Not that closing Guantánamo hadn’t already been one of the top priorities of Benjamin and her organization, but the reception they got in the town helped fuel the fire under them that’s been propelling their lobbying effort. Her top priority with the new Congress has been to seek the repeal of the Bush-sponsored Military Commissions Act of 2006, which eliminated the right of habeas corpus for U.S. detainees in the so-called “war on terror” and set up a system of rump military commissions to “try” them based on secret evidence and without access to legal counsel.
Benjamin’s speech also touched on the war in Iraq and President Bush’s determination to escalate it with a so-called “surge” of over 20,000 troops despite the overwhelming majority of Americans that now oppose the war and want to see an orderly, phased withdrawal of U.S. troops. “There was an election two months ago that was an overwhelming mandate for us to get out of Iraq, and that guy in the White House has chosen to send more troops instead,” Benjamin said. “He is blind to the will of the people, to the troops themselves, to the Iraqis and to the reality that more troops in Iraq just means more bodies coming home in bags.”
One optimistic sign for Benjamin is that the Democrats in Congress are already starting the aggressive investigations of the Bush administration they promised during the campaign. “In the last Congress, the Democrats couldn’t even get a hearing going,” she said. “Now there are two to three hearings a day. I was at the hearings where attorney general Alberto Gonzalez and the generals in charge of the war were being grilled. There is legislation being introduced to stop the surge, stop the funding for it, repeal the Congressional resolution from October 2002 that authorized the war in the first place, and defund the entire Iraq occupation. Congressmember Lynn Woolsey has introduced H.R. 508, a bill to bring the troops home in six months, prevent the U.S. from establishing any permanent military bases in Iraq, and take the money we are spending on contractors and give it to the Iraqi people.”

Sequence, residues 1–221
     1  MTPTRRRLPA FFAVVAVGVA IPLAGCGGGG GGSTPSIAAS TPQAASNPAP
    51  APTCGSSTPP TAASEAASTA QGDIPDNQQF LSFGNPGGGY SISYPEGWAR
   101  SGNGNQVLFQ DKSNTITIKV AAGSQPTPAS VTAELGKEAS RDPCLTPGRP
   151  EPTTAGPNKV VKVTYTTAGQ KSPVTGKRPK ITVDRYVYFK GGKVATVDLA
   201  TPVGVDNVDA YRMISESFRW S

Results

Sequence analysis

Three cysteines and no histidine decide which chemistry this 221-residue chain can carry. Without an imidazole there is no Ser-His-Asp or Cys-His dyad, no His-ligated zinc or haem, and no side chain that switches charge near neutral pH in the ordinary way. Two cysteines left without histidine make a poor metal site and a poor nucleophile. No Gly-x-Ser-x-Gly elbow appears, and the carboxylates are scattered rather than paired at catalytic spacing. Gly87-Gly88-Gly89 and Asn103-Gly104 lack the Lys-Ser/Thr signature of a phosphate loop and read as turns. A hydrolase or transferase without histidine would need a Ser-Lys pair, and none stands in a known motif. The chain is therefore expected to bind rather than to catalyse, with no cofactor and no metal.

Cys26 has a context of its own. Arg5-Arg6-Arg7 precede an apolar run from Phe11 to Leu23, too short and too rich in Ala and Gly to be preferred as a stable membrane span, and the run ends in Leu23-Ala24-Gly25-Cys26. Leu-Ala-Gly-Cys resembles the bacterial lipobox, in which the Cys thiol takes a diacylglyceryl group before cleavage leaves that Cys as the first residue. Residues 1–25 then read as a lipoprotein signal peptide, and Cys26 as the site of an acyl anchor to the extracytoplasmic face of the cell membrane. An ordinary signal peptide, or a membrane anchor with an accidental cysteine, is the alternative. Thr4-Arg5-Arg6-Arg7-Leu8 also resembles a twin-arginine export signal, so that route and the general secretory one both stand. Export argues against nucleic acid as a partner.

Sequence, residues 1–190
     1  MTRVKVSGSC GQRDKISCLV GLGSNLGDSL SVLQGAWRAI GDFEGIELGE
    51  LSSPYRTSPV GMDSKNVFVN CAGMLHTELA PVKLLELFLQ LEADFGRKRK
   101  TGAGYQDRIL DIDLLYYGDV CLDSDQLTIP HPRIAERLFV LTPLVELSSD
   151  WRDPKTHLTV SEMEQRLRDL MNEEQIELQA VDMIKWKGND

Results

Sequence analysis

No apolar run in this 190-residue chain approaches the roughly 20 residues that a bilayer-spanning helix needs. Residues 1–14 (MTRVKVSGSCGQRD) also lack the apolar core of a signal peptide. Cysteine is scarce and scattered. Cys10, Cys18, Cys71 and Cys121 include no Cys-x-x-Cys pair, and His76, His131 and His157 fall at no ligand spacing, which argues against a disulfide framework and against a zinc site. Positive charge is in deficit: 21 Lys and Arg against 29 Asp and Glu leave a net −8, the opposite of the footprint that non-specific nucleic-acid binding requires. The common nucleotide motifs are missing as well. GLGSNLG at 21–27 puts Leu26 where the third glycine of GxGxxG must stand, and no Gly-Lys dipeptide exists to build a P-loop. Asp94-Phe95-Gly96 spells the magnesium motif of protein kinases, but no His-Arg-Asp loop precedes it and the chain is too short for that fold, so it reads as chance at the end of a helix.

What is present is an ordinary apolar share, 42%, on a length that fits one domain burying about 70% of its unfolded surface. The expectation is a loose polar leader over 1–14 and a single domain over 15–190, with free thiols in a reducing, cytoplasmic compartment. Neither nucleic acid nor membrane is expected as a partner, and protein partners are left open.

One of the signs of the turning tide, Benjamin said, is that Democrats with Presidential ambitions — even ones like Hillary Clinton who enthusiastically supported it in 2002 and 2003 — are starting to turn away from the war. “Hillary Clinton, who just a few months ago was calling for more troops, is now introducing resolutions calling for bringing the troops home,” Benjamin said. “She’s being pushed by Barack Obama, who’s being pushed by John Edwards, who’s being pushed by Dennis Kucinich. The pundits, who used to say that coming out against the war and for a troop withdrawal was the kiss of death for any Democrat with Presidential aspirations, are now saying there’s a ‘bidding war’ among Democratic Presidential candidates for the anti-war vote.”
Benjamin closed her speech by making the blunt point that America has to choose to be a democracy or an empire; it can’t be both. “Our immediate task is to bring our troops home and hold those who got us into the war in the first place accountable — and that means impeachment,” she said. “It means stopping the next war now, and there are even Congressional Republicans like Walter Jones introducing bills to stop the President from an attack on Iran without prior Congressional approval. Our long-term task involves making the U.S. military defensive instead of offensive, which means closing the hundreds of U.S. military bases throughout the world and using the resources now being spent on an offensive military to fight the wars against poverty, AIDS and global climate chaos.”